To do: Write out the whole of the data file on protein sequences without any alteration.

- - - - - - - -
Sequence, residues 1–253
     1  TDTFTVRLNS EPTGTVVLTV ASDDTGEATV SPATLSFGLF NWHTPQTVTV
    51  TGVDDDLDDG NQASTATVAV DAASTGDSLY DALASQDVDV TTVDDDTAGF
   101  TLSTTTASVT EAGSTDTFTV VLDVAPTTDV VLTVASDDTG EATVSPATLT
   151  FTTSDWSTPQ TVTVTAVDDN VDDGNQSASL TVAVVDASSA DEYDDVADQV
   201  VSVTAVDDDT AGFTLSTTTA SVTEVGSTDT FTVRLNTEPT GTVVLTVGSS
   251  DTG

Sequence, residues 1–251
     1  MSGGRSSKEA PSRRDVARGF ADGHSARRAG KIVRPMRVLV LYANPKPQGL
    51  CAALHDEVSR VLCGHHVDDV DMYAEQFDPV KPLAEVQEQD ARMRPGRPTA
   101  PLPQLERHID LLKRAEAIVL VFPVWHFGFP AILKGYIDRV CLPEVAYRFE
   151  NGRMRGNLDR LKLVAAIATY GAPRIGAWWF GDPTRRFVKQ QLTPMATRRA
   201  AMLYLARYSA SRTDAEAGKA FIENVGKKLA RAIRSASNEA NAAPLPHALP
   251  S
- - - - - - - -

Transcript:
Sequence, residues 1–253
     1  TDTFTVRLNS EPTGTVVLTV ASDDTGEATV SPATLSFGLF NWHTPQTVTV
    51  TGVDDDLDDG NQASTATVAV DAASTGDSLY DALASQDVDV TTVDDDTAGF
   101  TLSTTTASVT EAGSTDTFTV VLDVAPTTDV VLTVASDDTG EATVSPATLT
   151  FTTSDWSTPQ TVTVTAVDDN VDDGNQSASL TVAVVDASSA DEYDDVADQV
   201  VSVTAVDDDT AGFTLSTTTA SVTEVGSTDT FTVRLNTEPT GTVVLTVGSS
   251  DTG

Sequence, residues 1–251
     1  MSGGRSSKEA PSRRDVARGF ADGHSARRAG KIVRPMRVLV LYANPKPQGL
    51  CAALHDEVSR VLCGHHVDDV DMYAEQFDPV KPLAEVQEQD ARMRPGRPTA
   101  PLPQLERHID LLKRAEAIVL VFPVWHFGFP AILKGYIDRV CLPEVAYRFE
   151  NGRMRGNLDR LKLVAAIATY GAPRIGAWWF GDPTRRFVKQ QLTPMATRRA
   201  AMLYLARYSA SRTDAEAGKA FIENVGKKLA RAIRSASNEA NAAPLPHALP
   251  S